As arrangements for pre-approval of advertisements pertain to most over-the-counter and complementary medicines, such arrangements are of minimal concern to the dental sector. In this context, ADIA recommends that the TGA actively engage with the Australian Self Medication Industry Association (ASMI) and Complementary Medicines Australia (CMA) on this matter. ADIA does not believe it appropriate that a pre-approval regime be introduced for medical devices, something that has been in place for some medicines.
Sanctions and penalties —
ADIA believes that the enforcement provisions associated with advertising of therapeutic products should be enhanced so as to provide an effective deterrent as a means of elevating compliance levels. The use of infringement notices is welcomed and thus ADIA would support the introduction of civil penalty provisions to advertising offences.
The current limitation within the subordinate regulations that means orders cannot be enforced against advertisers that are not the sponsor of the product on the Australian Register of Therapeutic Goods (ARTG) is thought to be a serious deficiency in the legislation. ADIA therefore welcomes the proposal that failure to comply with an order by a non-sponsor advertiser should be an offence giving rise to an infringement notice.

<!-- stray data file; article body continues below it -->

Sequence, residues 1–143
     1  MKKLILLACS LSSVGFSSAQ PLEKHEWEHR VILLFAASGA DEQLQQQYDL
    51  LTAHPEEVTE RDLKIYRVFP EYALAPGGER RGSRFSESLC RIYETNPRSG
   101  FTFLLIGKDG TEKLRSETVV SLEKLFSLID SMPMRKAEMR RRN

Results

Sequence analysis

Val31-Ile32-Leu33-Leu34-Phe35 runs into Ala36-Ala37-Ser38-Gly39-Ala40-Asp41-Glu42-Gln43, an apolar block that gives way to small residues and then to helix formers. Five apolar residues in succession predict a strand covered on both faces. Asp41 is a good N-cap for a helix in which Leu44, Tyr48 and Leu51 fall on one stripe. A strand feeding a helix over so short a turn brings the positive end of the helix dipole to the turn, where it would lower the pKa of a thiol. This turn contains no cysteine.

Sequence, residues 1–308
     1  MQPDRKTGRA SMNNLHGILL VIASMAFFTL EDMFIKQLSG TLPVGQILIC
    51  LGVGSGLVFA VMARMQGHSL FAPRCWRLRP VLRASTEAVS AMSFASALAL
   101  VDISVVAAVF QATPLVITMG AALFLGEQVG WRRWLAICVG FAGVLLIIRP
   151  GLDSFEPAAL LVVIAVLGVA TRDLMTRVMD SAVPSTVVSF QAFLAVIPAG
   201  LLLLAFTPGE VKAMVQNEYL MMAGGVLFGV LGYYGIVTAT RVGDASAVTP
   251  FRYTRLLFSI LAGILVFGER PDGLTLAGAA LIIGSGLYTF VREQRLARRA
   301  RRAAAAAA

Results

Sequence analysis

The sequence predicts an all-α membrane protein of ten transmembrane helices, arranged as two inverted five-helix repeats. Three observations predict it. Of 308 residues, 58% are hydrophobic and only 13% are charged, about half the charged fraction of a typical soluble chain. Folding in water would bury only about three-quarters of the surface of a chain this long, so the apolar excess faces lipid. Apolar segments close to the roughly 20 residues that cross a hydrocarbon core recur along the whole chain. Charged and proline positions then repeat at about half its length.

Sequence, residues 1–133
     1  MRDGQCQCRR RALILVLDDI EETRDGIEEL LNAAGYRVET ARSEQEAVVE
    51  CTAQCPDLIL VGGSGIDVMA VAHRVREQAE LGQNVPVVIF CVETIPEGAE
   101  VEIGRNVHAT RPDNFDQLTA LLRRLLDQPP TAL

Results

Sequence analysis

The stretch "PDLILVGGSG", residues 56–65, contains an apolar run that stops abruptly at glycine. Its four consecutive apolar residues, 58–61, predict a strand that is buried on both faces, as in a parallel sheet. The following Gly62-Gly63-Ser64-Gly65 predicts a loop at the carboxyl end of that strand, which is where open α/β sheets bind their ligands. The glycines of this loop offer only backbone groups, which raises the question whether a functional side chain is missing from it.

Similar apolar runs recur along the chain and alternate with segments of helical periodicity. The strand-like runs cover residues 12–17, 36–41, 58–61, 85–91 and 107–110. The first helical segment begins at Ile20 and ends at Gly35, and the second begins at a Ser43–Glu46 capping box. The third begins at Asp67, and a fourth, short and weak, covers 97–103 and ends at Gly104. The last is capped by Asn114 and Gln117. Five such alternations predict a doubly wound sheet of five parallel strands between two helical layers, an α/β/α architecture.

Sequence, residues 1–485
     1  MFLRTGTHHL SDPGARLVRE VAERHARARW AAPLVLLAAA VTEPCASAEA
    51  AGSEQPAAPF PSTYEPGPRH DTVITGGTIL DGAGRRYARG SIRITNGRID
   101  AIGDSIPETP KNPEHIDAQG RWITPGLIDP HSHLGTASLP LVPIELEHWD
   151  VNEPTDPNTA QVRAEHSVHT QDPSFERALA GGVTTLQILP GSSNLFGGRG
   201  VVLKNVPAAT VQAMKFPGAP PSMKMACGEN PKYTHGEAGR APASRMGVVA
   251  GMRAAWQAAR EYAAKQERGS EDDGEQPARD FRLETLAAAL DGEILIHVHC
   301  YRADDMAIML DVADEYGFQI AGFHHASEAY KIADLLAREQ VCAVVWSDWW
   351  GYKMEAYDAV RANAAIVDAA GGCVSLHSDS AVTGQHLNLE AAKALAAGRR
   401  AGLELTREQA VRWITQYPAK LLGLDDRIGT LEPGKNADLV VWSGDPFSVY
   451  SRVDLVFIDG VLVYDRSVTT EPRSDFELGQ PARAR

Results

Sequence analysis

ADIA is supportive of proposals that, in circumstances where a matter is referred to the Secretary to take action and this does not result in the appropriate response (because the respondent has not sufficiently complied), the TGA will publish the information on its website.
Complaints handling —
On balance, ADIA welcomes the proposed consolidation of complaints handling processes within a single agency. Subject to an appropriate process being developed and a qualification that the costs are not overly burdensome on business, ADIA believes that the TGA is well positioned to undertake this role.
In concluding its advice to the TGA, ADIA advised that is a strong advocate for reforms that deliver a regulatory framework for medical devices that is based on a risk management approach designed to ensure public health and safety, while at the same time freeing industry from any unnecessary regulatory burden. ADIA believes that the broad direction set out in the TGA's consultation paper is consistent with this objective; however, reforms going forward need to align with the existing obligations of business set out in the Competition and Consumer Act (Cth) 2001.